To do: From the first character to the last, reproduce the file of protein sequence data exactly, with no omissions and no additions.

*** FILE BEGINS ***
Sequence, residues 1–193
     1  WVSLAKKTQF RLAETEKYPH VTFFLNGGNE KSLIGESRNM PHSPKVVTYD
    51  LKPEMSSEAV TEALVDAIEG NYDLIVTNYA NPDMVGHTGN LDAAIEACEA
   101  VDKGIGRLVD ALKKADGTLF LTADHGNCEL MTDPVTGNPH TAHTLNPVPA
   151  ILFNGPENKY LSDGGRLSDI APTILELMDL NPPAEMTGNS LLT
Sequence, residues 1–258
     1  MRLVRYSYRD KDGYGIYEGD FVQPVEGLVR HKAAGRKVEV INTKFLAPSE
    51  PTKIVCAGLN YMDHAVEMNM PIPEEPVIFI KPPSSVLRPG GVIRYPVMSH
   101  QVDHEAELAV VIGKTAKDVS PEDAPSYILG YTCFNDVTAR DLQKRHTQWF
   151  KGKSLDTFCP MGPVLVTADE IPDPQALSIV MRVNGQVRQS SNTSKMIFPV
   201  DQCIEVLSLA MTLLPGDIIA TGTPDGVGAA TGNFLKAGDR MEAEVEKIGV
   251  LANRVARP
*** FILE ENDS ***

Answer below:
Sequence, residues 1–193
     1  WVSLAKKTQF RLAETEKYPH VTFFLNGGNE KSLIGESRNM PHSPKVVTYD
    51  LKPEMSSEAV TEALVDAIEG NYDLIVTNYA NPDMVGHTGN LDAAIEACEA
   101  VDKGIGRLVD ALKKADGTLF LTADHGNCEL MTDPVTGNPH TAHTLNPVPA
   151  ILFNGPENKY LSDGGRLSDI APTILELMDL NPPAEMTGNS LLT
Sequence, residues 1–258
     1  MRLVRYSYRD KDGYGIYEGD FVQPVEGLVR HKAAGRKVEV INTKFLAPSE
    51  PTKIVCAGLN YMDHAVEMNM PIPEEPVIFI KPPSSVLRPG GVIRYPVMSH
   101  QVDHEAELAV VIGKTAKDVS PEDAPSYILG YTCFNDVTAR DLQKRHTQWF
   151  KGKSLDTFCP MGPVLVTADE IPDPQALSIV MRVNGQVRQS SNTSKMIFPV
   201  DQCIEVLSLA MTLLPGDIIA TGTPDGVGAA TGNFLKAGDR MEAEVEKIGV
   251  LANRVARP